Barretta said state and federal grants have helped pay for the markers, which run between $4,000 and $5,000 each to install. But local communities support the effort by paying for half the cost.
Barretta said he isn’t sure what the effect has been on the state because it’s hard to gauge the economic impact of roadside markers.
“But one thing we noticed, and this is probably one of the best measures, was that even during the recent recession, tourism tax revenue in the town of Clarksdale went up when everything else was falling in the area,” said Barretta, who noted that actor Morgan Freeman co-owns the Ground Zero Blues Club in Clarksdale. (It’s located next to the Delta Blues Museum).
He said Mississippi has embraced its Blues heritage as a way to promote cultural tourism. Nor did it hurt that director Martin Scorsese made a film on the Blues that focused on the state or that 2003 was declared the Year of the Blues by the U.S. Congress and the state of Mississippi.
“When you drive into Mississippi, signs say ‘birthplace of American music,’” he said. “The standard license plate has a picture of B.B. King’s guitar. And in 2006, a $15 million museum opened up in Indianola called the B.B. King Museum and Delta Interpretive Center.”
Barretta said he believes the state began promoting the blues over the past decade both for reasons of pride and economic development.
“Before that, people who celebrated blues were music aficionados,” he said. “Now it’s also to promote tourism and bring money into the state. Both are good reasons to honor this part of our cultural and musical heritage.”
Walla Walla — a Wine Adventure
More than 2,000 miles to the northwest in Walla Walla, Wash., community leaders have used a booming wine industry as a way to pump new energy into the heart of this city of 35,000.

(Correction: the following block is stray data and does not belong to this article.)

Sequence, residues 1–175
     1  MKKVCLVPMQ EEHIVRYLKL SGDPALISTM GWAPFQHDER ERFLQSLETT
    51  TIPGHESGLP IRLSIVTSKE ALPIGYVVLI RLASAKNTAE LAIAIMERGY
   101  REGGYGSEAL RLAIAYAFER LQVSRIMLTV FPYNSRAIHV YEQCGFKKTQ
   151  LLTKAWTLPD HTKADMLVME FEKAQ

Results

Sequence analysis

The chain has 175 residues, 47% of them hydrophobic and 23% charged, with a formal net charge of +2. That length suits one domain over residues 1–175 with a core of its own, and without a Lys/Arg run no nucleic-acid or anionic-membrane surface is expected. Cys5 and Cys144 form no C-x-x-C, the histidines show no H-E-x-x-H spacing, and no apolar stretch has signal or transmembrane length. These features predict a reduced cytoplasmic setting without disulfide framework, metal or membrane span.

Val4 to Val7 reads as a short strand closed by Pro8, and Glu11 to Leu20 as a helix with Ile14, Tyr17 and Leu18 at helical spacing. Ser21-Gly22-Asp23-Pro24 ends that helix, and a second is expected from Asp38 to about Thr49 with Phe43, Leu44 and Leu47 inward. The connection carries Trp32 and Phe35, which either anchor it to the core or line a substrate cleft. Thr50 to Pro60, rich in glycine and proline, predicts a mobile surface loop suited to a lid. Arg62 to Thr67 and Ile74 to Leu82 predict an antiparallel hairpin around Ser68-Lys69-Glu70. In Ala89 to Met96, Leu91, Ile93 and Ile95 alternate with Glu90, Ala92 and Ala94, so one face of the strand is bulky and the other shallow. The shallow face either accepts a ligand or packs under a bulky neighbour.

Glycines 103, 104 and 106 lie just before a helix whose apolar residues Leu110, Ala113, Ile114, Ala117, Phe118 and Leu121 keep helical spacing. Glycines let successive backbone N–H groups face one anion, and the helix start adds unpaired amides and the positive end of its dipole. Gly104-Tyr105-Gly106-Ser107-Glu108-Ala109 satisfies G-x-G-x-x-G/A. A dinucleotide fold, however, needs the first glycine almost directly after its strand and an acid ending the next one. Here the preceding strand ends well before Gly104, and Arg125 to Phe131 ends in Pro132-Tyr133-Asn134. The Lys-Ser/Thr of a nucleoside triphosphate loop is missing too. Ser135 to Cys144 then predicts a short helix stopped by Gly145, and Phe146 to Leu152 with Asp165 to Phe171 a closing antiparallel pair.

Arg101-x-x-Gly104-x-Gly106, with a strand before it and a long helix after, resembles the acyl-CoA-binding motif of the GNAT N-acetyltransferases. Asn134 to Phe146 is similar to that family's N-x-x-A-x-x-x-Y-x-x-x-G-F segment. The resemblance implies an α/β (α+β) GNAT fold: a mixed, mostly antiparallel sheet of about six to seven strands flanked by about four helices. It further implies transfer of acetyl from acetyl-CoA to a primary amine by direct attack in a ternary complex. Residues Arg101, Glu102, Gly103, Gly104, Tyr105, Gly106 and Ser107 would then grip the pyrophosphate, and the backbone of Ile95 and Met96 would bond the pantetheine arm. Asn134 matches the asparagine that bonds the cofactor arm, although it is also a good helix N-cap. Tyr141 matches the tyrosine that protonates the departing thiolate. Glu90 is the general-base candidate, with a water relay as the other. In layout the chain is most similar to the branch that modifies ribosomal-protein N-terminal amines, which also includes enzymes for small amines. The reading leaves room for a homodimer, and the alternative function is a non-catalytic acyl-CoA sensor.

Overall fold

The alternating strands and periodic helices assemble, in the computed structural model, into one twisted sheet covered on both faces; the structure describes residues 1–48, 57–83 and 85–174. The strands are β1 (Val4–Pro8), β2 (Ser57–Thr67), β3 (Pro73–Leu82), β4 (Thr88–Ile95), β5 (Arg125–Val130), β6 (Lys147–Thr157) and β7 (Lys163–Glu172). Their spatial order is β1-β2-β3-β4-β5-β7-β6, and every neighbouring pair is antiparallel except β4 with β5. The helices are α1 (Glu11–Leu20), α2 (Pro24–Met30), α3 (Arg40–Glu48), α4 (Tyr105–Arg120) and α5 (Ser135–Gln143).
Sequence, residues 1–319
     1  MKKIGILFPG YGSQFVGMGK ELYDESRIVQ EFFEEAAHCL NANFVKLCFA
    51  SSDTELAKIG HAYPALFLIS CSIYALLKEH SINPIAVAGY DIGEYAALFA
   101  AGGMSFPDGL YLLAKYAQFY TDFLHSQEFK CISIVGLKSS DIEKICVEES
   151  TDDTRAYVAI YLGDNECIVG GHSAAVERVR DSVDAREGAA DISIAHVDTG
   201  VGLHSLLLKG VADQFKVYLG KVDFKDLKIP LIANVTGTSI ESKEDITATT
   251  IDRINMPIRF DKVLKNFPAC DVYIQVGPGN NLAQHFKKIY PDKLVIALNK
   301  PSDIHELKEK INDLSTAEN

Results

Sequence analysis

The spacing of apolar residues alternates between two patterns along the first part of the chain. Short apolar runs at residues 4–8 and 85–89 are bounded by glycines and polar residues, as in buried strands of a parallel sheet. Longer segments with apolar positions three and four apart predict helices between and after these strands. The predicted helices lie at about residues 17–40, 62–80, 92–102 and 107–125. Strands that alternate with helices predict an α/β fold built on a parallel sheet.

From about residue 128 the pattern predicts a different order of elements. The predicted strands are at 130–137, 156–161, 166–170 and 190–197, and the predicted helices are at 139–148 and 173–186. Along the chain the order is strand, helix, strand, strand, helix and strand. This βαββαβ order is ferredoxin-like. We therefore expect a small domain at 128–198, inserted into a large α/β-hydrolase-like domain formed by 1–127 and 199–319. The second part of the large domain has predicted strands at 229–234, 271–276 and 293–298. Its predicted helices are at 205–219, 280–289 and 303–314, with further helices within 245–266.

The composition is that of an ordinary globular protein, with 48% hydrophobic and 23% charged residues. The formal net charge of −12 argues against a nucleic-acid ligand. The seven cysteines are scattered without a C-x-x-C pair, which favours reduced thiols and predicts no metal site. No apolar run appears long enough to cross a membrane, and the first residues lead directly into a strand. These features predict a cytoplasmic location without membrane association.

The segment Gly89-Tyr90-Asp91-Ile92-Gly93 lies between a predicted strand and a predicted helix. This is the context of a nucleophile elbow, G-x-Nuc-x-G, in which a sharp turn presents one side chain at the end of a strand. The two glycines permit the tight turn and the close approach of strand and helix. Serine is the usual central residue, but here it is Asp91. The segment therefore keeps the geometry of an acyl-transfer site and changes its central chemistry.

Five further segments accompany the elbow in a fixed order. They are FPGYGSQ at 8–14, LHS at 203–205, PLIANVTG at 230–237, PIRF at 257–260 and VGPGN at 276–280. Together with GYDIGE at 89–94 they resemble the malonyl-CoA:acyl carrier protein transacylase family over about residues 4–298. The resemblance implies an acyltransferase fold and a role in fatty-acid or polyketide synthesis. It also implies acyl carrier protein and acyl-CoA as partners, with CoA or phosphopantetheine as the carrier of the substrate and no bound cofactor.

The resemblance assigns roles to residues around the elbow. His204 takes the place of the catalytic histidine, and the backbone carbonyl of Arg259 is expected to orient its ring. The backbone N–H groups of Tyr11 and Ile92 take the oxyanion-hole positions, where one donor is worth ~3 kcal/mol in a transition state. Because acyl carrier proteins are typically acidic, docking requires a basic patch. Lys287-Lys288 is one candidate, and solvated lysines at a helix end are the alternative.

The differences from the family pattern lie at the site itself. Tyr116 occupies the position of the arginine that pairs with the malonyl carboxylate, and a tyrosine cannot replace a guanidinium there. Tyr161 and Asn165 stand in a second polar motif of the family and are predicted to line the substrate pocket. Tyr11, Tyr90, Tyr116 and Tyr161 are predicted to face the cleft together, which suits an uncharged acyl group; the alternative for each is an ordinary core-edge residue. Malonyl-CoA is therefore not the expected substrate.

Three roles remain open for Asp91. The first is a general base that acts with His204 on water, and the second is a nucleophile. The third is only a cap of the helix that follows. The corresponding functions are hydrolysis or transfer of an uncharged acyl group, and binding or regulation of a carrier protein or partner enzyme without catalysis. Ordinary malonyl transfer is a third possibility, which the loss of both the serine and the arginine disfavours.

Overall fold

Long known for its wheat and sweet onions, Italian immigrant families grew grapes when they moved to this part of southeast Washington 120 years ago.
“So making wine wasn’t a completely new phenomenon,” said David Woolson, head of the local Chamber of Commerce.
“But the current wine industry as we know it in the valley dates back about 20 to 25 years ago with wineries like Woodward Canyon and Leonetti. And the American Viticulture Area designation for the Walla Walla area was established some 15 years ago after people realized there was a unique combination of soil and climate here that lent itself to very high-end red wines and more recently whites,” he said.
Now, there are a whopping 145 wineries within 15 minutes of the city. And 35 of them have tasting rooms downtown — many in renovated historic buildings.
“That’s meant a lot to our town,” Woolson said.
“The wine industry as a whole has created $700 million of economic impact here. So aside from the direct economy related to the wineries and the jobs that are connected, obviously wine tourism has exploded. On the heels of that, there is a great culinary scene that is growing.” Woolson, who has been president of the Chamber for about three years, said the wine industry has “transformed” Walla Walla.
“I was born here, grew up in the Walla Walla area and left the day after I graduated from high school vowing never to come back,” said the 56-year-old Woolson, who had a 30-year career in film and television in Los Angeles and Portland.
“But come back, I did. The city has a genuine aspect to it that hasn’t changed. Folks visit and it has a real visceral connection. So, yes, it has changed in a positive way. But it also hasn’t.”
“Underneath that, this is a historic town going back to the 1830s,” Woolson continued. “It was a major fur trading hub for Hudson Bay, near the Columbia River. Marcus Whitman was an early missionary in the 1830s and 40s and Lewis and Clark came back through here on their return from the Pacific.”
Woolson said Walla Walla weathered the recession fairly well, but the opening of tasting rooms in “spruced up” buildings was a boon to the downtown.
“There is quite an eclectic mix with tasting rooms and personalities behind the counters,” he said.
Having the wine industry only builds on what he said is Walla Walla’s very robust sense of place.
“We are progressive in moving forward, but there is a strong tie in honoring the past and its historical elements. That’s a huge attractor to arts, culture and entertainment as well as people who are looking for a unique lifestyle and climate and wine country.”
On Common Ground extends a special thank you to James Lindberg for his contribution to this article. Several of the examples in this article were first identified in the report “Heritage-Based Rural Development” by James Lindberg (National Trust for Historic Preservation, 2011).